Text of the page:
Also by this author: Isla and the Happily Ever After, My True Love Gave To Me, Summer Days & Summer Nights: Twelve Love Stories, Summer Days and Summer Nights
Series: Anna And The French Kiss #1
Also in this series: Isla and the Happily Ever After
Published by Penguin on 2010-12-02
Genres: Europe, Love & Romance, New Experience, People & Places, Social Issues, Young Adult
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Anna can't wait for her senior year in Atlanta, where she has a good job, a loyal best friend, and a crush on the verge of becoming more. So she's not too thrilled when her father unexpectedly ships her off to boarding school in Paris - until she meets Etienne St. Clair, the perfect boy. The only problem? He's taken, and Anna might be, too, if anything comes of her crush back home. Will a year of romantic near-misses end in the French kiss Anna awaits?
When I think of sure-read contemporary authors, I think Sarah Dessen, Maureen Johnson, John Green, Susan Colasanti, etc. Now I can add Stephanie Perkins to that list. Also, before continuing this review, I just want to say, haters to the left. Anna And The French Kiss gave me exactly what I expected of it: a romp through Paris rife with sexual tension.
Anna has some pretty fantastic luck. Her dad is Nick Sparks’ fictional twin and kind of a douche so he sends her to Paris for boarding school. Anna is all, oh hell no, but goes anyways. In beautiful Paris, she learns the language, makes new friends and falls for Etienne St. Clair.
J’adore Anna And The French Kiss. Anna as a character completely appeals to me. I suppose you can apply the adjectives awkward, real, interesting, and intelligent to Anna. She has developed interests outside of boys. Anna is a total film geek and loves watching movies. Plus she has good taste, for example there’s a scene where they all go to the cinema to see It Happened One Night. What I like is that she clearly doesn’t have all of the answers. She doesn’t always know the right or correct thing to do. But she keeps on keeping on, follows her heart even though it may lead to hurt feelings. This may make me sound harsh, but I believe you have to take care of your heart and yourself before you worry about other people.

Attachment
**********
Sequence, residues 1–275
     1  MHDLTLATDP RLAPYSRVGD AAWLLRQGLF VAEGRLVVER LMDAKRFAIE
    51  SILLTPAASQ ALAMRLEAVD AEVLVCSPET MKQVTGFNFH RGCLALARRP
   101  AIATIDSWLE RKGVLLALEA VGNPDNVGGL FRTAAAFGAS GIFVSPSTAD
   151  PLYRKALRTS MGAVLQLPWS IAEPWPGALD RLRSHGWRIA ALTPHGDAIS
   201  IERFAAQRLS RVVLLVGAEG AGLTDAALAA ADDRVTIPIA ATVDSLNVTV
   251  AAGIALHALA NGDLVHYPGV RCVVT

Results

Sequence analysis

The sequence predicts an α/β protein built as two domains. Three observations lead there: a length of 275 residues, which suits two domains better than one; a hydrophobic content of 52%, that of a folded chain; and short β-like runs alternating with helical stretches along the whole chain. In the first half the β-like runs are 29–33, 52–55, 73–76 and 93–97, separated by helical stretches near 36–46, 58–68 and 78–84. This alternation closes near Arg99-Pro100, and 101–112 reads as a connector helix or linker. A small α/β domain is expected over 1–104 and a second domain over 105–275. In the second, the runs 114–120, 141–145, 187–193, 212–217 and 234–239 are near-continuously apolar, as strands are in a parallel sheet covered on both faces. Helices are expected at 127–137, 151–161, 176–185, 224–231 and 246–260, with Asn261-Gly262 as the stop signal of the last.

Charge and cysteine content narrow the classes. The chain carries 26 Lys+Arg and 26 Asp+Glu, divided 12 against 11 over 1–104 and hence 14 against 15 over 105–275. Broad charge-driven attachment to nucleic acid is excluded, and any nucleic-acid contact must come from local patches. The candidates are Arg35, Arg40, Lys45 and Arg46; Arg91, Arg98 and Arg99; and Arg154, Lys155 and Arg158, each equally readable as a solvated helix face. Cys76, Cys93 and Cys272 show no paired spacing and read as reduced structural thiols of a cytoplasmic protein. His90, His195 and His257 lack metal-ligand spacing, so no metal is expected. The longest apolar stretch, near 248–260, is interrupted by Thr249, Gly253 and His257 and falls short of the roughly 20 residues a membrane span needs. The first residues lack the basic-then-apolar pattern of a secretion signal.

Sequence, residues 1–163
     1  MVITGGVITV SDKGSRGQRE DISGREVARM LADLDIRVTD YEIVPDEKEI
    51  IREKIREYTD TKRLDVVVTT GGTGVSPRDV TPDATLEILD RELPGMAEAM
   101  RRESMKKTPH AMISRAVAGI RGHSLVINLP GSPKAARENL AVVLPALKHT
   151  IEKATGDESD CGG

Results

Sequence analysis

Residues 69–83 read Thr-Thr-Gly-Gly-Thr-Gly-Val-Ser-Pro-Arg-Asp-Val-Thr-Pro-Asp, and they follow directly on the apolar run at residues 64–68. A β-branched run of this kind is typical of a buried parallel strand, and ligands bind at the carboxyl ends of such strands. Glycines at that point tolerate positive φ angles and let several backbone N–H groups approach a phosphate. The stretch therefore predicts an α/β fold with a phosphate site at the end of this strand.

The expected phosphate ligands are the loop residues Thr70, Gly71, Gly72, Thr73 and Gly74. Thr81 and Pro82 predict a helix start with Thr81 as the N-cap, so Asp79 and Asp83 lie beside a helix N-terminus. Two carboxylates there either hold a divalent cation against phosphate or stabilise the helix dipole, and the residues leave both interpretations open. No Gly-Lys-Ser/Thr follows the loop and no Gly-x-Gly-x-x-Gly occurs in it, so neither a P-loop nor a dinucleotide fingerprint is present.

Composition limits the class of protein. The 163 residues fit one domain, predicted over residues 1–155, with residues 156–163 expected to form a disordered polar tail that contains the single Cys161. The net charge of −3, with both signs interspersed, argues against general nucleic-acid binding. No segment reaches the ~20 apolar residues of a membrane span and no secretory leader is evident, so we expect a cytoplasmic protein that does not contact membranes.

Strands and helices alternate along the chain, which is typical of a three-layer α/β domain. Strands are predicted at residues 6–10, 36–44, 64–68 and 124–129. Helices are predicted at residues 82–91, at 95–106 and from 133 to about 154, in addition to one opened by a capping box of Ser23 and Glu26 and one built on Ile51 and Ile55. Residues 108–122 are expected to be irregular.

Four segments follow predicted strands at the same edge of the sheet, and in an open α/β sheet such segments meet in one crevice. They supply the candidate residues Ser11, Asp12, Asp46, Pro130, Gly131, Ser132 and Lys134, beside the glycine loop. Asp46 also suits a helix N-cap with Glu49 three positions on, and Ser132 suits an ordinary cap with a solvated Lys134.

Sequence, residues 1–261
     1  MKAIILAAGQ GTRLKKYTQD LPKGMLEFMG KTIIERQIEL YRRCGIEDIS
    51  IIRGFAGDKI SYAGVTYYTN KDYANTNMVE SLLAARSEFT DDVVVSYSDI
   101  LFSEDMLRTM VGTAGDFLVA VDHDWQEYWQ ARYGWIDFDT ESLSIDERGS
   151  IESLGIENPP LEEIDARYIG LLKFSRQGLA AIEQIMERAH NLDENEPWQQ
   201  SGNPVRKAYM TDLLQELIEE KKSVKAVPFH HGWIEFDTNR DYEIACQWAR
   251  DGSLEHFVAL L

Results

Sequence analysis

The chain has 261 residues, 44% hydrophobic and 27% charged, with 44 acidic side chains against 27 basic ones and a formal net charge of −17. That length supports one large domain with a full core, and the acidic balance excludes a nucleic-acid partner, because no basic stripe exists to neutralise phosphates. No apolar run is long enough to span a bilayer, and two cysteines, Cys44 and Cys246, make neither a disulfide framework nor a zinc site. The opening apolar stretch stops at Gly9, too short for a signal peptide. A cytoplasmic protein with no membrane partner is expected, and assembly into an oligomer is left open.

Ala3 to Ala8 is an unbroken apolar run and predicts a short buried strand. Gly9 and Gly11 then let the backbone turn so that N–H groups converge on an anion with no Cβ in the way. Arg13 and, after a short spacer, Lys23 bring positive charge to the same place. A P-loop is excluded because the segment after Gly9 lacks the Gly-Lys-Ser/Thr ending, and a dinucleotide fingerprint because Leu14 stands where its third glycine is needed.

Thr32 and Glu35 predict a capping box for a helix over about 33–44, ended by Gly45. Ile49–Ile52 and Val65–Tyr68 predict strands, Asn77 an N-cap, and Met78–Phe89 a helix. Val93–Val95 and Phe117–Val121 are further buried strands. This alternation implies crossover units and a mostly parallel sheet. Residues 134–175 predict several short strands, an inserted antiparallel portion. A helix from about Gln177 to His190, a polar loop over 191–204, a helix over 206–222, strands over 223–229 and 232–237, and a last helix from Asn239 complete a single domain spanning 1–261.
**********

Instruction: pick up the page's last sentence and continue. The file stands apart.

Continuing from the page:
Then there is the love interest Etienne. Hallelujah for the rise of a real boy. I am so fucking sick of chiseled marble male leads who are perfect in character and body. I love that Etienne has faults, both physically and characteristically. I think that’s part of what makes him so appealing to other female reviewers. He seems like someone you could meet and hook up with in real life. I hope this leads to more average boys in YA. PLUS you gotta love characters with great hair.
The connection between Etienne and Anna is actually developed. To me, their relationship felt more real than the majority of young adult books that I’ve read. There is none of that smoldering looks bullshit, thank God. I’ve had my fair share of romances, and this felt more close to those, especially with the physical activity and the portrayal of drinking. With all the messiness, involved and the ultimate happy outcome.
Finally, I thought I would end with two quotes I loved:
“I spent the period reading the first novel assigned for English. And, wow. If I hadn’t realized I was in France yet, I do now. Because Like Water for Chocolate has sex in it. LOTS of sex. A woman’s desire literally lights a building on fire, and then a soldier throws her naked body onto a horse, and they totally do it while galloping away. There’s no way they would have let me read this back in the Bible Belt. The sexiest we ever got was The Scarlet Letter.
I must tell Bridge about this book.” -pg. 46
“And we’ll talk about everything BUT our parents… or perhaps we won’t talk at all. We’ll just walk. And we’ll keep walking until the rest of the world ceases to exist.” pg. 241